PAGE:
Sushi Eating Etiquette

Almost everyone loves to eat sushi, but have you ever thought of the etiquette that comes with eating sushi? If you don’t know about that, don’t be ashamed. As with eating anything, following the proper etiquette for eating shows another level of respect to the cuisine, and from others, an added respect for your foodie knowledge.

Here’s the sushi etiquette :

1) Eat your sushi in one bite
Sebenarnya makan dalam dua kali gigitan itu masih acceptable, tapi make sure kalau sisa yang belum dimakan itu tetap disumpit. Jangan ditaruh kembali ke piring.

2) Go easy on the soy sauce
Using too much soy sauce, just like adding flavor enhancers to anyone’s cooking, implies the original flavors of the food is not good enough.

3) Use the washcloth
Also known as the oshibori, this small, damp hand towel is given to you before the meal and during the meal for wiping your hands (and face as well). When you are done with it, fold it and place it back in its container, usually a little basket or tray.
Biasanya  kalau di Indo kan dikasih tissue basah, setelah dipakai pun dilipat (lipat dua kali) dan taruh di samping plate kita.

4) Fingers are okay
Although chopsticks are the norm, sushi is traditionally eaten as a finger food, so it is acceptable to eat with your fingers as well.

5) Clean the plate
It is just downright impolite to leave any rice on your plate.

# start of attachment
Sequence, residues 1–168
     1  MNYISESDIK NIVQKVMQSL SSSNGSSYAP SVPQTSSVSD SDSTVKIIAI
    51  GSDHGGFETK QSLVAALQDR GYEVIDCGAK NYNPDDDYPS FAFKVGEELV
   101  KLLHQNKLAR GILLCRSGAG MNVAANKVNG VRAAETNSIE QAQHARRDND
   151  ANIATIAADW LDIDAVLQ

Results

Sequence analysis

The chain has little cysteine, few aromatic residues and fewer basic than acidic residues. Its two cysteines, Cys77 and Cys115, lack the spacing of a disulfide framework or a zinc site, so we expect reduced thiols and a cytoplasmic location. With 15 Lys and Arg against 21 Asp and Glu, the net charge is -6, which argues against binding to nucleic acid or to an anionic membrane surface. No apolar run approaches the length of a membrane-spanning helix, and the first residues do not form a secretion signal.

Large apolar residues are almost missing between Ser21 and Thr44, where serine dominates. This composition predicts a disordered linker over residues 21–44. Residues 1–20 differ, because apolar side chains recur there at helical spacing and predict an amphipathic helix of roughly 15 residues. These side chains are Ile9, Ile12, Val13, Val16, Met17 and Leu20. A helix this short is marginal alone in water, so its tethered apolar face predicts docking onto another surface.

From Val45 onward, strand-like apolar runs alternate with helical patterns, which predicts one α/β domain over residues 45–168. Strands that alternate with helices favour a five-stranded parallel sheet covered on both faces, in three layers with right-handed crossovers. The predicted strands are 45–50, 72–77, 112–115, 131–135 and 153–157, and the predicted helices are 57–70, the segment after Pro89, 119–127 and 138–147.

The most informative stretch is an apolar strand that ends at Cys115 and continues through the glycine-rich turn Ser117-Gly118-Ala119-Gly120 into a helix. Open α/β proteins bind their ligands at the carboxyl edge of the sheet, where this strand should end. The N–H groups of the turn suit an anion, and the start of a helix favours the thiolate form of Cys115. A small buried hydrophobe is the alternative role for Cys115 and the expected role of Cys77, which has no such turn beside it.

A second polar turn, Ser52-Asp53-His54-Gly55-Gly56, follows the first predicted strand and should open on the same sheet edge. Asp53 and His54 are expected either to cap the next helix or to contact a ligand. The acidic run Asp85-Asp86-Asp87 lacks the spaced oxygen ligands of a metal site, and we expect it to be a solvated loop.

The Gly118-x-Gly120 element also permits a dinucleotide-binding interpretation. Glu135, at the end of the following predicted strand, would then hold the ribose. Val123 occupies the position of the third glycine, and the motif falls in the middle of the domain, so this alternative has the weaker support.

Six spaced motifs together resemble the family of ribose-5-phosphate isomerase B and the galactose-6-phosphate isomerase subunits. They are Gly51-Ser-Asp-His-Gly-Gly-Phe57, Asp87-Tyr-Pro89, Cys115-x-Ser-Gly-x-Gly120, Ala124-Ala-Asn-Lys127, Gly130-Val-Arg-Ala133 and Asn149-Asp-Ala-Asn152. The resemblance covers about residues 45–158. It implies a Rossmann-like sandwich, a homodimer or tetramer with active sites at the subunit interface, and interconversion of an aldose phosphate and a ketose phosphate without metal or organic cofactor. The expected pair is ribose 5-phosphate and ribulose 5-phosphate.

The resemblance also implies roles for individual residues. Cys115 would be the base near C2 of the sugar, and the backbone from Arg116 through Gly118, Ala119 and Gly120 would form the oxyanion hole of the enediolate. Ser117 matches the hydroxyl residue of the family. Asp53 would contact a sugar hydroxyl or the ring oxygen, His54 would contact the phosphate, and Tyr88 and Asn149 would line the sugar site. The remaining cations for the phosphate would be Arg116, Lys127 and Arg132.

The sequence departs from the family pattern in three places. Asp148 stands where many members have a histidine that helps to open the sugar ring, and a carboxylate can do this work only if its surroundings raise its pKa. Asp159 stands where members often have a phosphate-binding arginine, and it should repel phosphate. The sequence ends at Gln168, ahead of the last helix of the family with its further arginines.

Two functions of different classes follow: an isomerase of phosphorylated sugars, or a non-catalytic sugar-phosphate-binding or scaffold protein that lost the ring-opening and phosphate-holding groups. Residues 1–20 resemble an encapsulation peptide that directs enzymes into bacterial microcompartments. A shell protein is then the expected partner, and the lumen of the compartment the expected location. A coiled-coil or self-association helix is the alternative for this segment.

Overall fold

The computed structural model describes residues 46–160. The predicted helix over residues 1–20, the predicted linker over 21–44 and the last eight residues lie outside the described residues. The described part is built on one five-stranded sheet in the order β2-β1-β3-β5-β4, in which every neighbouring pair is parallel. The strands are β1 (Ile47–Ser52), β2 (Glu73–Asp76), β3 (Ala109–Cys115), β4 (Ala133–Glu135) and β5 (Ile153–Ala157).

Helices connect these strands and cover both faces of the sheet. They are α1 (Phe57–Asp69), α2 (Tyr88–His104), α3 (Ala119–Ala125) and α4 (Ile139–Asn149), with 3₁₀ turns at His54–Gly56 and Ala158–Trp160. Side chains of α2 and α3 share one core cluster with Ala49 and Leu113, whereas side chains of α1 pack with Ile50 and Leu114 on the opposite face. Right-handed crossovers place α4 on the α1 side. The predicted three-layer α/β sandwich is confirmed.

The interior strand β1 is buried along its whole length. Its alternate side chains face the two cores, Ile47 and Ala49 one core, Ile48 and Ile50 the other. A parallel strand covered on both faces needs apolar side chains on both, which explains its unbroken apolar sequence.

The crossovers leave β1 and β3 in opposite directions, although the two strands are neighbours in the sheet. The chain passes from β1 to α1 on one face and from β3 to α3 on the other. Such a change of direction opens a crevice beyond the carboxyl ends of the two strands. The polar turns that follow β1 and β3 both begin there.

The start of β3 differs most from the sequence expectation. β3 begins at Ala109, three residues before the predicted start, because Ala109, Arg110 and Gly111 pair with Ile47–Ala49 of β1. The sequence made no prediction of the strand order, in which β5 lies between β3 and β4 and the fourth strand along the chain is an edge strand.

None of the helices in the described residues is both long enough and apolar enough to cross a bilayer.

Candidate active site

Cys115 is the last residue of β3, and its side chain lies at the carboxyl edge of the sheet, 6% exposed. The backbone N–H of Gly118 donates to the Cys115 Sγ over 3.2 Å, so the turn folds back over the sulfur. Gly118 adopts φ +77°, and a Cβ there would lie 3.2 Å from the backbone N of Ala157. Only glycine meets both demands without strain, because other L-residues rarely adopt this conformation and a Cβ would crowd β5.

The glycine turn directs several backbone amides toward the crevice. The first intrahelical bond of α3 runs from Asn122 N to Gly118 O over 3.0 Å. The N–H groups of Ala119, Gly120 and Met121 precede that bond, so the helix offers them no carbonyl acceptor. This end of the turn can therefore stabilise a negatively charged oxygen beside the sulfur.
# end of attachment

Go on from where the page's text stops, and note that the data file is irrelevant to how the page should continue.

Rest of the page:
Also, don’t forget the chopstick :

1) Don’t rub the chopsticks together
This implies the chopsticks are cheap and have splinters, which is an insult to the host – if anything, ask for a new pair.

2) Place them in front of you below the plate, parallel to the edge of the bar
Either that, or put the narrow ends on the has-hi oki (chopstick rest). However, do not lean them on the plate, cross them when setting them down, or stick them upright in a bowl of rice (looks like a funeral rite). Be sure they point right if you’re left-handed or left if you’re right-handed.
This is also applied in Chinese Restaurant.

3) Use the broad, blunt end to pick up from communal platter
It is impolite to use the same end you use to put sushi in your mouth to pick up food. Use the broad end if need be.

4) Don’t pass food by chopsticks to another
in the Japanese funeral ritual, family members pass bones of the deceased to each other by chopsticks, so doing the same with sushi would just be offensive. If sharing is necessary, simply pick it up and place it to the other person’s dish. However, between lovers or parents and children, this rule is exempt and is as seen as a gesture of closeness.

So don’t forget to follow those rules, although it doesn’t make your sushi taste better, but you are eating sushi with classy manner 🙂


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